Inflation has not been a problem recently, according to the Consumer Price Index. Energy prices have plunged, which helped, and the rising costs of housing, which account for over one-third of the index, are purposefully mitigated via some elegant statistical twists, and that helped a lot.
Everyone has been lulled to sleep by the sheer absence of consumer price inflation. And the Fed has used this low inflation as pretext to keep its foot all the way on the accelerator of total interest-rate repression, though it isn’t accelerating much of anything other than asset price inflation.
But that was then, and this is now.
The headline CPI still looks benign, inching up 0.1% in April on a seasonally adjusted basis, the Bureau of Labor Statistics reported today. Over the last 12 months, the all-items index declined 0.2% before seasonal adjustment, thanks to the energy index, which plunged 19.4%.
But the core CPI (less food and energy) rose 0.3% in April, its largest increase since January 2013. Some of the standouts:
Shelter +0.3%; rent, owners’ equivalent rent, and lodging away from home +0.3%; medical care +0.7%, its largest increase since January 2007; medical care services +0.9%, hospital services +1.9%; household furnishings and operations +0.5%, its largest increase since September 2008; used cars and trucks +0.6%; new vehicles +0.1 percent.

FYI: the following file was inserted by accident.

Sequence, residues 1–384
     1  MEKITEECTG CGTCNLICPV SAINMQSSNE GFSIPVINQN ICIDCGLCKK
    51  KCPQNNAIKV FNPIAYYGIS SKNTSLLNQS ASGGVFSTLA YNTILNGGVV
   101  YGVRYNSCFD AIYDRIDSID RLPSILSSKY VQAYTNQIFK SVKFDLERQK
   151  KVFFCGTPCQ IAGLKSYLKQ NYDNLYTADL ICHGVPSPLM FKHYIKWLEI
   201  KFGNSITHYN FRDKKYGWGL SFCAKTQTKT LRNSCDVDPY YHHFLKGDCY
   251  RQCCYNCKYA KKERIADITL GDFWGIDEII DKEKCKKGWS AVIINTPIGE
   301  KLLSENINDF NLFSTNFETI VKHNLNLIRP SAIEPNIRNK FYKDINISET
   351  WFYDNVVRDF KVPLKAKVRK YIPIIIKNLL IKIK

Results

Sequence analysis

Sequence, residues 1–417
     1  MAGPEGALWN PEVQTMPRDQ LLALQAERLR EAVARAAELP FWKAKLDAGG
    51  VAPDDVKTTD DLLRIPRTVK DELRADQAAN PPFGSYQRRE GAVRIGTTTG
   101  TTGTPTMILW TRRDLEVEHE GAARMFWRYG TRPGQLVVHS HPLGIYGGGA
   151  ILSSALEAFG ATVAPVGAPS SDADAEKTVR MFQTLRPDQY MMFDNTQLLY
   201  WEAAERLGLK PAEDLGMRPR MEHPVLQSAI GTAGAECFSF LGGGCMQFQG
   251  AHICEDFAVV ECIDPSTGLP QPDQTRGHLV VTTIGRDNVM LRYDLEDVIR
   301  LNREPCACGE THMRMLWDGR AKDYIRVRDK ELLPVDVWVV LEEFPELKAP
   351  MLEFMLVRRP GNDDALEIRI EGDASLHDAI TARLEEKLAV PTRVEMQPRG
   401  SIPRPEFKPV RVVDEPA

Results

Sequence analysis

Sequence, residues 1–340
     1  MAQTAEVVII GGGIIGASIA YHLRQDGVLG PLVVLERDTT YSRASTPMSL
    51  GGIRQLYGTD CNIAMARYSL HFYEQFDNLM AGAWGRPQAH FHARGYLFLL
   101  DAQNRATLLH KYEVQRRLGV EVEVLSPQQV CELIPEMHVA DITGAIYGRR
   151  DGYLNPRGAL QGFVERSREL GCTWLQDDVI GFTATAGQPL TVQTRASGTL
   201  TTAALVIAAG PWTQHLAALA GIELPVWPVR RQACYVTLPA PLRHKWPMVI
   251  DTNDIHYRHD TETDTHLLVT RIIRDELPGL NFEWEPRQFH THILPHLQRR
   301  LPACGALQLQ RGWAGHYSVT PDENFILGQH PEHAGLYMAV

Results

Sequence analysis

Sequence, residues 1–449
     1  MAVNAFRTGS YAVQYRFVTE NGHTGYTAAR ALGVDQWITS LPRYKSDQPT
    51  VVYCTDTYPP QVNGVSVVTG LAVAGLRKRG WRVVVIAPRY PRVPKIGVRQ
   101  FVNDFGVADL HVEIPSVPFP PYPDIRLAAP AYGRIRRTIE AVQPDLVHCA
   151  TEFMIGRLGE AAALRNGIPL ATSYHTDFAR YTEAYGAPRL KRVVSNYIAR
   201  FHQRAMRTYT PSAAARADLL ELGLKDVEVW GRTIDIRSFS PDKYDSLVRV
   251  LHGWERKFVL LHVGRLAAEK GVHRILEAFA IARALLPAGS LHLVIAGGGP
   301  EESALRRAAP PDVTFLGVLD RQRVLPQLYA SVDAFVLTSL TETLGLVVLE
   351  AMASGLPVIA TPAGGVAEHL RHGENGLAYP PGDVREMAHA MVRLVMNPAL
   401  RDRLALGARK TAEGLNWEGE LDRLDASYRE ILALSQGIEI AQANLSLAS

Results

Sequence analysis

Heat is building up beneath the overall index.
To shed more light on this phenomenon, the Atlanta Fed releases a “sticky-price consumer price index,” the “Sticky CPI,” which consists of a weighted basket of items that change price relatively slowly. And in April, annualized, it soared 3.50%, the sharpest increase since July 2008! “Core Sticky CPI ex-shelter” soared 3.83%, the highest since August 2008.
This puts the Sticky CPI at 2.1% above where it was a year ago, even though the overall headline CPI, thanks to the plunge in energy, actually declined over the same period. The Sticky CPI is not supposed to jump like this; it consists of items that change price “relatively slowly,” as the Atlanta Fed describes it. Now they’re in lift-off mode.
This chart, going back to January 2009 shows the sudden spike of inflation, as expressed by the Sticky CPI:
Fed Chair Janet Yellen said today that “it will be appropriate at some point this year to take the initial step to raise the federal funds rate target and begin the process of normalizing monetary policy.” To support this sort of revolutionary activity, she would have to be “reasonably confident that inflation” – for her, that’s the PCE index – “will move back to 2% over the medium term.”
Energy is not going to decline much further from where it was in April. Other prices are rising and some are soaring. What gives?
This puts the Fed way behind the curve – as many experts have long predicted. So here is former Fed Governor Lawrence Lindsey, who was right before in a big way and got fired for it. He said that the Fed has “almost no credibility” with his clients about “staying on top of ticking monetary bomb.” Read… Former Fed Governor Predicts “Wrenching” Market Adjustment